Endurance – 2018-2019 World Endurance Championship race calendar –

Photos: Jahn


29 Pictures

Jahn

1/29
Magnificent panorama of the Pyrenees peaks around the Col d’Ares.

Jahn

2/29
Fantastic bikes, fantastic weather.

Jahn

3/29
Yamaha XT 660 Z Ténéré – where are you going to Dakar? The look and feel of the Ténéré (such as the towering cockpit) arouse rally fever.

Jahn

4/29
Ultimately, the relatively tame and not very elastic engine cools the spark of enthusiasm at the Yamaha.

Jahn

5/29
The Yamaha XT 660 Z Ténéré.

Jahn

6/29
Mid-range travel enduros are an interesting alternative to their large-capacity counterparts.

Jahn

7/29
Triumph Tiger 800 – What a debut: The little Tiger stalks straight ahead.

Jahn

8/29
A homogeneous, very neutrally tuned chassis, the elaborate equipment and especially the silky smooth engine convince the tourist-oriented clientele of the Triumph. The voluminous suitcases anyway.

Jahn

9/29
The Triumph Tiger 800 XC.

Jahn

10/29
Simply beautiful: many streams, few people – a cozy break on the edge of the Pyrenees.

Jahn

11/29
Suzuki V-Strom – Hidden: One of the best mid-range travel enduros is hidden behind the voluminous shell (below).

Jahn

12/29
Sensational engine, travel-friendly chassis, great wind protection – the only thing missing is the pep in the design of the Suzuki.

Jahn

13/29
The Suzuki V-Strom.

Jahn

14/29
. . . and that stings, stings, stings: agaves in the run-off zone at Col de Banyuls.

Jahn

15/29
Moderate dimensions and power from the low revs appeal to the Honda Transalp – the excellent front brake anyway.

Jahn

16/29
The conspicuously inconspicuous: The Transalp traditionally relies on understatement.

Jahn

17/29
The Honda Transalp.

Jahn

18/29
Getting the hang of it: impressive road through the Tech Valley near Prats de Mollo.

Jahn

19/29
BMW G 650 GS Revival: the cultivated single returns after a three-year break.

Jahn

20/29
BMW G 650 GS – unusual: the rear muffler only serves as an antechamber for the silencer in the foreground.

Jahn

21/29
The BMW G 650 GS.

Jahn

22/29
Prelude: Bizarre rock formations at Cap de Creus – the easternmost point of Spain.

Jahn

23/29
Fun mobile: the BMW F 800 GS is the fun bike among middle-class children.

Jahn

24/29
Practical: tool for adjusting the spring base on the BMW F 800 GS.

Jahn

25/29
The BMW F 800 GS.

Jahn

26/29
Borderline experiences: The region between Spain and France offers huge driving fun in the smallest of spaces. The low-traffic mountain roads are a dream.

Jahn

27/29
The region between Spain and France on the map.

Jahn

28/29
Impressive streets with a great panorama.

Jahn

29/29
In series: BMW F 800 GS, BMW G 650 GS, Honda Transalp, Suzuki V-Strom 650, Triumph Tiger 800 XC, Yamaha XT 660 Z Ténéré.

Megatest Enduros 2011

The enduro mega test part 1: travel enduros up to 800 cm³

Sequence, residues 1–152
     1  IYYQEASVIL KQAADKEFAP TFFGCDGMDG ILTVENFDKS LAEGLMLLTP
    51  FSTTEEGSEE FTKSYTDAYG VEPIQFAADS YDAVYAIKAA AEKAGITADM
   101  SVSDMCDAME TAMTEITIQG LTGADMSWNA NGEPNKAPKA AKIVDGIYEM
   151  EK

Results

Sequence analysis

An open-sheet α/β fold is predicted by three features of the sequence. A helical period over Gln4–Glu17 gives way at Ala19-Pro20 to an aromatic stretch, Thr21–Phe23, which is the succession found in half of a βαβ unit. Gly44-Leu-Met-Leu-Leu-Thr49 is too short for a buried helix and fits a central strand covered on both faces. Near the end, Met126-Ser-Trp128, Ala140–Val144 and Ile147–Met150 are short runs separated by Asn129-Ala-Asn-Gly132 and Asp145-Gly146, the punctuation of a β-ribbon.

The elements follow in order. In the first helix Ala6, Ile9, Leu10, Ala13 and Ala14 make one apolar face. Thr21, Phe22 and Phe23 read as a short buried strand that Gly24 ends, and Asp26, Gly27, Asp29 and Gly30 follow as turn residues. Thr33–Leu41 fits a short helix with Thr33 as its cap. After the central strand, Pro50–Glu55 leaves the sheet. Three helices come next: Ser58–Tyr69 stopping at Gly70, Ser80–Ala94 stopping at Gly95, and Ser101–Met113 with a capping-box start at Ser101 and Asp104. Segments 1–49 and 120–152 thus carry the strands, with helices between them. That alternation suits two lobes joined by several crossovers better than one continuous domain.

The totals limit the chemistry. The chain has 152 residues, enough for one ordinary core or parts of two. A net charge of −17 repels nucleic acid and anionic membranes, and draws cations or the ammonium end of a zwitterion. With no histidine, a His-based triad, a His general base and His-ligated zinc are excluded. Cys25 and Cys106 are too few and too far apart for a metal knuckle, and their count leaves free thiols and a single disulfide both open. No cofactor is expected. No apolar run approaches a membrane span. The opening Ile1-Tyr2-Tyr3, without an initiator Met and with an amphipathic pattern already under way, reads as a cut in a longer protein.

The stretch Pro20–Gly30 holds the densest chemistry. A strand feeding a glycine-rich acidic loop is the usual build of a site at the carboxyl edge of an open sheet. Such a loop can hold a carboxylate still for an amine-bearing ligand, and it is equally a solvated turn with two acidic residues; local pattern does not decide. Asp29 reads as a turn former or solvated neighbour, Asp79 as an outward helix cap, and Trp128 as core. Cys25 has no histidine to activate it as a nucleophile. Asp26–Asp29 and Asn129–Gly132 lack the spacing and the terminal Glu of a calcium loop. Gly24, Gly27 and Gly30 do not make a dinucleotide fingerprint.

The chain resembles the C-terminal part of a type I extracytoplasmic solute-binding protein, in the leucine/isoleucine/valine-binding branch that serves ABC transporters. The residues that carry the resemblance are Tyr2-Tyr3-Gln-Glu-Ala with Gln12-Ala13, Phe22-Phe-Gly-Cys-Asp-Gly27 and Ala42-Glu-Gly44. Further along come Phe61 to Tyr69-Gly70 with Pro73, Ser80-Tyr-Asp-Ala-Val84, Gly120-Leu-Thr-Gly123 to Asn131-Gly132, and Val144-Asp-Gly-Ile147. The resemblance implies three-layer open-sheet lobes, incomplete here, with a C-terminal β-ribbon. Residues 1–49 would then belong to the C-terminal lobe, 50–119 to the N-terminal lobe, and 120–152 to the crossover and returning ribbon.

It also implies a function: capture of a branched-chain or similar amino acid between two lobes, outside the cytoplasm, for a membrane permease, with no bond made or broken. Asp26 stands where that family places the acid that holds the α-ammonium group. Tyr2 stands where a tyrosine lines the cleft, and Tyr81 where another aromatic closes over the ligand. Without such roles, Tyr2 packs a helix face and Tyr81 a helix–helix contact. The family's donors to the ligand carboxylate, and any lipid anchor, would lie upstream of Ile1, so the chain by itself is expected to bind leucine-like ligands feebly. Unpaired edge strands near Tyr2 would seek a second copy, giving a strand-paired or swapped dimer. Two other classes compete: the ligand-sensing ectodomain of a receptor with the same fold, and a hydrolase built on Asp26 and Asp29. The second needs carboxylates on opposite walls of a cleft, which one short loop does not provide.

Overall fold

Last but not least, the new Triumph Tiger 800 XC proves that mid-range travel enduros are an interesting alternative to their large-displacement counterparts. In the Spanish-French border region, MOTORRAD is looking for top performers from the middle class.

Cap de Creus – only two curves and we have reached the most easterly point of Spain. The rocks jut out of the sea to the right and left of the narrow road. Torsten, our guide, knows the most spectacular places in the Spanish-French border region. The German has lived in the area for ten years and runs a rustic motorcycle hotel in the interior of the country (www.casa-holly.de).

D.he world in kilometer lapse. From sea level up to the mountains, over pass roads of all stripes, along straight connecting routes and including an off-road detour – the complete spectrum on a route length of just 170 kilometers. A perfect place to celebrate the premiere of the MOTORRAD travel enduro mega test. Its concept: divided into two categories (650 to 800 cm³ and over 1000 cm³), the current travel enduros fight for the respective class victory. Their winners then compete against each other in a final. In order to do justice to the definition of enduro, funbikes or their derivatives such as Kawasaki Versys or Ducati Multistrada, which are asphalt-oriented with 17-inch front wheels, are left out.

Buy complete article

Megatest Enduros 2011
The enduro mega test part 1: travel enduros up to 800 cm³

F 800 GS and the brand new Triumph Tiger 800 XC. Two or three-cylinder in-line engines with around 90 hp, off-road optics with 21 or 17 inch spoked wheels, acceptable wind protection – these key data clearly signal the goal: universality. Travel, grass, gravel detours. A claim that also needs to be financed. Even if the equipment has been adjusted, the noble duo is still at least 2000 euros above the competition, as a full dresser with suitcases and extras they ultimately cost around 12,000 euros.


Jahn

In series: BMW F 800 GS, BMW G 650 GS, Honda Transalp, Suzuki V-Strom 650, Triumph Tiger 800 XC, Yamaha XT 660 Z Ténéré.

The lighthouse at Cap de Creus is practically our starting point. We swing again along the narrow road from the cape towards Cadaqués. Disoriented tourists in rental cars look at everything but not the traffic. We line up, resigned to fate, in the jerk. Well, at least there is enough attention left to feel the machines. Like the Yamaha. The steeply towering windshield, the high, wide handlebars and the narrow knees – all of this suggests a rally feeling. In comparison, the 650 BMW turns out like a minibike. At 825 millimeters, the lowest seat height of the sextet, the footrests placed relatively far forward and the cladding that appears rudimentary from the driver’s perspective make the GS (modified cladding, tank reduced from 16.5 to 14 liters) look delicate. Similar to the Honda Transalp. Since the major revision for the 2008 season, the Transe has been one size smaller. The second-lowest seat height (830 millimeters), the comparatively narrow handlebars and the footrests, which are also relatively far forward, ensure comfort – albeit a bit cramped. Which is topped by the Suzuki. The V-Strom is the grande dame of mid-range travel enduro bikes, voluminous and lush.